I want to correct a few misapprehensions that some people may have about bot traffic.
In short: bot traffic is not always a killer. It’s never good, but you shouldn’t regard “bot or no bot” as the ultimate decision-maker on a placement.
Why not? Well, let’s look at 3 different types of placement.
John Connor’s Nightmare: The 95% Bot Placement
When you run a bot test on a traffic source, you’ll often come across placements which are very, very high percentage bots, up to 95% or 100%.
This is where bot testing (here’s how to do a simple bot test) really shines. These placements are absolute garbage. They’ve got no chance of giving you any sort of a return – but if you’re just testing conventionally, you can waste 3x your payout on finding that out, per placement. Bot testing lets you check a lot more cheaply on many sources – 30 or so clicks, sometimes less.
These placements are really simple. But…
I’m Sorry, Dave, I Can’t Convert That: 50% bots
Placements with mixed bot and human traffic are much more complex. I’ve run bot tests in the past and discovered 60% bot traffic onprofitable placements.
Because the remaining 40% traffic was competitively priced.
The first thing you need to do with a mixed traffic placement is to figure out if it can be profitable, based on the human traffic alone. Say you’ve got a payout of $12, and you’re running on a native traffic source with $0.50 CPC. Now, say you discover that placement is 60% bots. That means that 6 out of 10 of your clicks will be bot-driven if they average the same click rate as humans. In other words, if you pay $5 for clicks, you only get 4 legitimate clicks, for an effective CPC of $1.25.
Are you likely to see a conversion rate of significantly above 10% (roughly the amount you’d need to break even)? That determines whether the placement is priced fairly, and whether you should continue bidding on it. In this case, I’d be skeptical: $12 payout implies a lower CVR. Native traffic can boost that, but still, it would look to me like that placement is being bid on by people who don’t understand that they’re paying for bot traffic, and aren’t taking that into account.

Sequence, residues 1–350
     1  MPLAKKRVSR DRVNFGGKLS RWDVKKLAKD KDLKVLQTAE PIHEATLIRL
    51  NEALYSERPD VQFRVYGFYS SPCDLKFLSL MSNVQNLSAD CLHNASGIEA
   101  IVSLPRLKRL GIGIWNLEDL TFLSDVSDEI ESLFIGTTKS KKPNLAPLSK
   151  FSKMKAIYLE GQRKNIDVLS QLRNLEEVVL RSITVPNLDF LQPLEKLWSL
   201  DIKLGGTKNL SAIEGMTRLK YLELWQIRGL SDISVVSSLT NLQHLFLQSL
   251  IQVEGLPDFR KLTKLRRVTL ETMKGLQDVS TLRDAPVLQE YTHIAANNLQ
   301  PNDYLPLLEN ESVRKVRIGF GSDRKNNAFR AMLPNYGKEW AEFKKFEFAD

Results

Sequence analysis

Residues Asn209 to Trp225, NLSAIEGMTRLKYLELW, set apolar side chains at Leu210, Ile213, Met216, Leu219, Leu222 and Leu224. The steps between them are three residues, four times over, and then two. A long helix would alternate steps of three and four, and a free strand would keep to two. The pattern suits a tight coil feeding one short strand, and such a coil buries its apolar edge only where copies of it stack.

As a general rule, the more brand-friendly the placement, the less likely it is that the pricing will take into account bot traffic. But that’s just a rule of thumb based on the fact that brand advertisers tend to be less performance-driven, and more driven by being able to say to their clients that they’ve had “300,000 eyeballs on this ad” (even if 299,999 of those were less eyeballs and more HTML parsers).
So what should you do with a high-bot placement that you believe could be profitable? Answer – test it as normal, but ignore all metrics that don’t make you money. Bots will play hell with your CTR – they’ll either artificially inflate it or artificially reduce it. You might see click loss, you might see all kinds of odd behaviour. Ignore everything except how much you’re spending, and how much you make. Conversion rate per click, cost per click, and your overall payout are all you care about.
The Promised Land? 0% bots
And here’s the other thing to remember: just because there are no bots doesn’t mean the placement will convert.
There’s an excellent example of that on a lot of DSPs right now: Grindr. I’ve done multiple bot tests on Grindr traffic, and it’s one of the purest-human sources I’ve seen (at least as of six months ago). Almost no bots, just tons of horny gay guys.
It’s also on a lot of blacklists. Damn thing just won’t convert for many people. Why? Well, just because the horny gay guys are human doesn’t mean they’re interested in your ad. The demographic is tech-savvy, cynical about advertising, and very very focused on one thing and one thing only: shagging. So despite being a very high-quality placement from the bot point of view, it’s a terrible placement from the making-money point of view in most cases.
(Grindr can be an amazing placement, but you’ve pretty much got to tailor your entire campaign to it, and push something the users are actually interested in. Muscle, diet, dating.)
Other placements get great bot results, but won’t convert on anything. That usually means they’re heavy on fat-finger clicks: the ad’s placed in such a way that lots of users click on it accidentally. Games are particularly bad for this. Some of them may even incentivise users to click on ads to get in-game currency – of course, the CVR of such clicks is terrible.
So just because you’ve found a 0% bot placement, that doesn’t mean you’ve found the Promised Land. You could get better results with a high-bot but high-conversion placement.
All of this will become more important as advertisers become more bot-savvy. Expect to see mixed-traffic placements get a lot cheaper, particularly once brands start throwing fits about paying for bot traffic. And given the current press interest in ad fraud, expect to see that happening sooner rather than later.
What do you think? Any tips on making the most of mixed-traffic placements, or any questions on the proper care and feeding of bots? Let me know below!